But Jamer was much more than just a skateboarder. He was also a gifted artist, as well known in Vancouver as he was in Victoria. It is through his art that I think most people will remember him, and remember him they will. While the old school will always think of him as the first to boardslide the handrails at the Library and the guy who could bust the hugest, most jaw-dropping frontside tucked-knee airs, many of his other, more recent friends have the greater fortune of being able to permanently remember him through the ink that he tattooed under their flesh. From paper to canvas and wall to skin, Jamer’s artistic abilities came as naturally as backside tailslides.
He also had a wicked sense of humour fronted by an infectious smile. It would be impossible to be in a room with him and not want to share in whatever secret was making his eyes go so wide. His laugh was one of his best qualities, right up there with his rare sincerity as a listener (every girl who was lucky enough to count him as a friend will happily attest to that). Truly, I can’t compare him to anyone else I’ve ever known. It’s as if he was conjured by Charles Dickens, like a modern day stand-in for the “Artful Dodger” in Oliver Twist:
He was a snub-nosed, flat-browed, common-faced boy enough; and as dirty a juvenile as one would wish to see; but he had about him all the airs and manners of a man. He was short of his age: with rather bow-legs, and little, sharp, ugly eyes. His hat was stuck on the top of his head so lightly, that it threatened to fall off every moment–and would have done so, very often, if the wearer had not had a knack of every now and then giving his head a sudden twitch, which brought it back to its old place again […] He was, altogether, as roystering and swaggering a young gentleman as ever stood four feet six.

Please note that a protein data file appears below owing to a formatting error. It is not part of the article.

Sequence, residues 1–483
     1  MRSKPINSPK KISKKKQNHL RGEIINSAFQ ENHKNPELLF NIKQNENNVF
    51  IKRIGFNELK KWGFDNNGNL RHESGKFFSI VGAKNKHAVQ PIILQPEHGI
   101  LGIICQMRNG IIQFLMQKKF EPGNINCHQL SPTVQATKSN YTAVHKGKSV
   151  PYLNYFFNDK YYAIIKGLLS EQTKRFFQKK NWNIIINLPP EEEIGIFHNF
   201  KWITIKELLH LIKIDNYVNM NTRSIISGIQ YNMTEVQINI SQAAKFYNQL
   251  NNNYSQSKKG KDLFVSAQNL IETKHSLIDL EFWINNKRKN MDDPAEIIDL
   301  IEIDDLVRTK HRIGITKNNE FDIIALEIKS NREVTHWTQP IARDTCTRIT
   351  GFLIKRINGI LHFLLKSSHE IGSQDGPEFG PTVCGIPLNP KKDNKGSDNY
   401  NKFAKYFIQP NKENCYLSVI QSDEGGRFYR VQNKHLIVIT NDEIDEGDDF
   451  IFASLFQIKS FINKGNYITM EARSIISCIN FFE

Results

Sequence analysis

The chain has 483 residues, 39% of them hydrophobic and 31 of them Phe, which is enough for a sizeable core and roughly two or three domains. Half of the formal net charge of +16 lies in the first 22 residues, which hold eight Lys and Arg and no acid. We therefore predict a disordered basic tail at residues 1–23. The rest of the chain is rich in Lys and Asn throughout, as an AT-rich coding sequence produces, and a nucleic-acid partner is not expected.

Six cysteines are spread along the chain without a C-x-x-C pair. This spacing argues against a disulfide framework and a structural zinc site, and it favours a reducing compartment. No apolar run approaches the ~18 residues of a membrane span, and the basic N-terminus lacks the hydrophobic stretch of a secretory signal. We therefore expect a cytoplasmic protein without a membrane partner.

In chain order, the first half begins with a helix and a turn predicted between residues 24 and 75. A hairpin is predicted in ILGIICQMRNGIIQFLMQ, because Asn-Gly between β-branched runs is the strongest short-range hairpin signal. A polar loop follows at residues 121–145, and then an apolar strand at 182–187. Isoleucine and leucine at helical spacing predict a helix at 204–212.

That was Jamer – if a little taller, and a friend to all. If his Facebook account is any measure (it has been flooded today with condolences), he had thousands of friends.
For my part, I lost track of him after I went away to University. I’d heard that he was having trouble battling drug addiction. It was around that time that Hanz took his own life, which was as tragic a loss as the one today. I think he righted himself as 2000 approached, swearing off all the drugs, save nicotine (he still owes me about 10000 smokes). I’ve heard tell that he helped others with their addictions, too, which I don’t doubt on account of his incredibly generous nature. A chance meeting on Bloor St. in Toronto during the winter of 2002 found him happy and seemingly clean. I couldn’t linger long, as the birth of my first son was a week overdue, and I was hurrying home from some shopping. “Good luck, asshole! Make sure you call him James,” he called after me as I trudged westward in the snow. The next morning, James Morrison was born.
Busy with family and living in another city, I didn’t stay in touch with him after that except through the internet. I was very relieved to see him doing so well. Whenever I was in Victoria, I made sure to pop by Sailor Jerry’s on Government St. where he’d become even more of a local legend as a tattoo artist. We’d share a smoke outside and talk about old times. The last time I saw him was 11 months ago on Main St. at Antisocial, where he was putting on an art show. He looked well and pleased with himself (which seemed always to be the case in public situations), and as my wife and I finally made to leave, he gave me a big hug and pinched my ass. It was as good a final parting as I could have hoped for.
From what I’ve pieced together from old friends today (some of whom I hadn’t spoken to in years), Jamer went off everyone’s radar shortly before Christmas. He was found last night, his addiction having caught up and overtaken him. This morning was a rush of emotion. It’s hard to believe that someone so talented, so endowed with natural grace, is gone. It’s still too soon to think of Victoria without Hanz Fear, let alone Jamer. It’s as if a whole section of the city has fallen into the sea with a resounding crash, and it’s all I can do not to yell at the noise: “Not you, too!”
My condolences to his family and his home town. I can’t imagine either ever being the same again.